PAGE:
Tuesday, November 6, 2012


Dad and Mom 1948

Robert W. Beale
1923 - 1971

Dear Uncle,

Tomorrow is Dad's  89th birthday.  Every year since his passing his birthday is bittersweet.  As you know I was just 18 when he passed so unexpectedly.  The word "Sudden" doesn't even begin to describe how one moment can change so many lives. A wife and 3 children in shock, their world shattered, off balance, surreal, a nightmare all too true. But to dwell on that part is to do a disservice to a man who was so kind, funny, intelligent and yes, handsome. Oh, he was far from a saint...he could be stubborn and he had an opinion and he was a debator and he was a staunch Republican.  There was no "gray area" with Dad.  It was or it wasn't. There were rules, there were commandments, there were laws. You were one side or the other, for or against. And he could confuse us kids.  Many was the time when I'd hear "Look I was raised this way, believing this [that or the other thing] and it's wrong."  So yes, his mind could be changed with facts, statistics and just plain morality. But it wasn't easy.  To discuss subjects with Dad, to argue a point, to attempt to change his mind you'd better have the facts and you'd better be prepared to be aggravated, frustrated, angry, and ready for a "fight". And the satisfaction of winning him over to "your" side was a real accomplishment.  Needless to say all 3 of us children are very good debaters. We all learned, eventually, to stand our ground.

He had the black hair and blue eyes of much of his line. He was taller than his ancestors at 5'11" and he had the ruddy complexion of the other men in the family.  He was of average build, not small of frame, nor large.  Like much of his family he loved music and played several instruments.  Trombone was his instrument of first choice but he also played Trumpet, Cornet, Violin, and Banjo.  He played well enough to play in the Coast Guard Band and travel with the USO during WW2 .  When he and Mom were married in 1945, Dad only had a few days off duty.  Their honeymoon was aboard a train with the Coast Guard Band and they were serenaded to their compartment by the other bands on board.  My Mom said it was quite an evening and she remembered that Cesar Romero, a very famous actor at that time, was among the group of singers.  He was on board as a member of the USO Tour.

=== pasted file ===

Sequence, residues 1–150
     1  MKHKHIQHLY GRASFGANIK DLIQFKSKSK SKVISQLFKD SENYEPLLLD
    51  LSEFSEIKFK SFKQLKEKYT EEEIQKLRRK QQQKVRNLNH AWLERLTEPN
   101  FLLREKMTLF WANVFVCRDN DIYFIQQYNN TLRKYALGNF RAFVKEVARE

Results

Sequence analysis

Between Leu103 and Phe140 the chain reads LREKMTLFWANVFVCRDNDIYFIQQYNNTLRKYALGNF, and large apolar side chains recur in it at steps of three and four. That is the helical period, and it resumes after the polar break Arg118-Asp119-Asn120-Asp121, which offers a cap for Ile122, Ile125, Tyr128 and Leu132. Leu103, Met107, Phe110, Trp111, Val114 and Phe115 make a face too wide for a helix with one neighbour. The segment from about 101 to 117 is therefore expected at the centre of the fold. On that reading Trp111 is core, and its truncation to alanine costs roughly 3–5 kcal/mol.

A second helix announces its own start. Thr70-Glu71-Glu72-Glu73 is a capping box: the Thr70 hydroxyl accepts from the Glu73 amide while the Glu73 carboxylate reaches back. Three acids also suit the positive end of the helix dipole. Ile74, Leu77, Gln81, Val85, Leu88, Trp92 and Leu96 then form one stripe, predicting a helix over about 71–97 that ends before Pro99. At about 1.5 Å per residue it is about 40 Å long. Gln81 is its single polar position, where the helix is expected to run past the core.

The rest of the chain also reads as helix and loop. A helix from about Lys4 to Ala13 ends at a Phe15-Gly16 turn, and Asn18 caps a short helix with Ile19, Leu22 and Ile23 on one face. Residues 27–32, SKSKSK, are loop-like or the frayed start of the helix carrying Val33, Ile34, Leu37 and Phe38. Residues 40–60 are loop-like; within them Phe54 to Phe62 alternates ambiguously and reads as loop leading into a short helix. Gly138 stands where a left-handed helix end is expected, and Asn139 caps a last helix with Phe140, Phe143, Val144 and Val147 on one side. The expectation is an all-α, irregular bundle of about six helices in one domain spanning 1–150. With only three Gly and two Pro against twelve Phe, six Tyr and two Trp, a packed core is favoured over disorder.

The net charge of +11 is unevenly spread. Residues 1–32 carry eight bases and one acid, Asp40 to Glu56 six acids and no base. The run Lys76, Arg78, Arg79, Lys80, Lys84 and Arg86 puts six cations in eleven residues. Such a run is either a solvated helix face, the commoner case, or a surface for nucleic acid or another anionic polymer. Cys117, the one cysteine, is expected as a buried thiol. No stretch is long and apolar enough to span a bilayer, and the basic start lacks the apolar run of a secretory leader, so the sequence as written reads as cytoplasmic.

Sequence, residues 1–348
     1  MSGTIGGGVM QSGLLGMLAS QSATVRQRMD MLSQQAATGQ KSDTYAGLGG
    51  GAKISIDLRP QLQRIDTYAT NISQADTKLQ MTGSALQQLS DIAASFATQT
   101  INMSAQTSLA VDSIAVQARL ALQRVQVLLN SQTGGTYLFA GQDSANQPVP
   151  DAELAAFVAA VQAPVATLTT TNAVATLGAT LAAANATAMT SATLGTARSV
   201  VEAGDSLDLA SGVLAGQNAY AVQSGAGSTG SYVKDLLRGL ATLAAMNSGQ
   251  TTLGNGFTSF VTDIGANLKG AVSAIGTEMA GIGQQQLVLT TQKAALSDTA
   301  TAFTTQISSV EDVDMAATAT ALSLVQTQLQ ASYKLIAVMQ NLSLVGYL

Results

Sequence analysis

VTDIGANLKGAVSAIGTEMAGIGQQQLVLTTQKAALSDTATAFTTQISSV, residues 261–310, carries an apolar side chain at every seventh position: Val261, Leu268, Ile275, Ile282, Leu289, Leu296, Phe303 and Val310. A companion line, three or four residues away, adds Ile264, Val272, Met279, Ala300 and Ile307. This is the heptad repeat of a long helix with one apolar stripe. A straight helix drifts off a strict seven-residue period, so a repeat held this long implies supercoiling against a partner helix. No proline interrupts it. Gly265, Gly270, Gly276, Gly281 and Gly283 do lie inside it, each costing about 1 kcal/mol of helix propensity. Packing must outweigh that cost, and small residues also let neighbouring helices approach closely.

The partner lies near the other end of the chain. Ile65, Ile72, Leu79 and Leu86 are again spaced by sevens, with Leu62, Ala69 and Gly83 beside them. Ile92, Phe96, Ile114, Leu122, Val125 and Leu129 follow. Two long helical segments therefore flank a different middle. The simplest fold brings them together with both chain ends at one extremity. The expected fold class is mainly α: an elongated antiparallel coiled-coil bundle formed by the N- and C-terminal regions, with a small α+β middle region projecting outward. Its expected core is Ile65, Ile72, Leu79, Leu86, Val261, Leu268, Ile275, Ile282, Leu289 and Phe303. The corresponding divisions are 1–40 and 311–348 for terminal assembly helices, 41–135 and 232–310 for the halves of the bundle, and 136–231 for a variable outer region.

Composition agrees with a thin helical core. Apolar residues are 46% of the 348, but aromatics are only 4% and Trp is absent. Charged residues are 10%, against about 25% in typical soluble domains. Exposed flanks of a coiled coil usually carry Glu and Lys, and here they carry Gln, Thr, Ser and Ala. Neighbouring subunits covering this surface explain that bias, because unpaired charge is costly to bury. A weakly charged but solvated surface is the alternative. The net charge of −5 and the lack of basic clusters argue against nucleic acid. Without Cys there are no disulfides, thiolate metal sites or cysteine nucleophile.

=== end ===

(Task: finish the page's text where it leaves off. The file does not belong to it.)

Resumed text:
Dad was brought up in a multi-generational Irish household. The ladies, his Mom, her Mom and then her Mom, were women to be reckoned with. Dad and his father were outnumbered by the girls.  I remember though that there were laps to climb up on and hugs and kisses to be had when we visited. I suppose being grandchildren had it's advantages.

Dad had a wicked, dry sense of humor.  He had a twinkle in his eye and an eyebrow that he'd raise in question which meant you'd done something surprising, wrong ( as in what were you thinking?) or WRONG - as in your backside was about to be reaquainted with the palm of his hand. Now let me state here and now that spankings didn't happen often.  We knew the rules, we knew the consequences and he suffered more than we did when forced to back up what he said he'd do.  Usually "The Look" was more than enough to keep us all in line, and not just us but the neighborhood kids also.

As for his humor, well it was usually something totally unexpected that he would do or say that would have us all rolling on the floor laughing. Like the time Ed Sullivan had Rudolph Nureyev on his show.  I ooh and aaahed at his graceful dance.  Whereupon Dad , not to be outdone, leapt into the air, twirled and landed gracefully with a bow and smile on his face. My jaw dropped.  I sometimes wondered if he saved it all up and then just exploded because he just couldn't contain it anymore.  Nowadays it would be known as an OMG moment.

The phrase "Now the bit here is..." was Dad's way of beginning the explanation of a circumstance.  A way of explaining how things are not necessarily what they appear to be, how one thing may seem one way but digging a little deeper would reveal the real purpose, the motivation.  Dad loved political discussions and election years.  He would have had quite alot to say about this election year.  Of that I have absolutely no doubt.

I envy those who can describe their parents in depth.  Their various traits and quirks, the minute details, the shape of the face, the angle of a smile.  But I am not that clever.  To me Dad is a feeling.  Warm, protected, defended, laughter, seriousness, strength, intelligence and being loved to the very core of my being.  Happy Birthday Daddy. I miss you very, very much.

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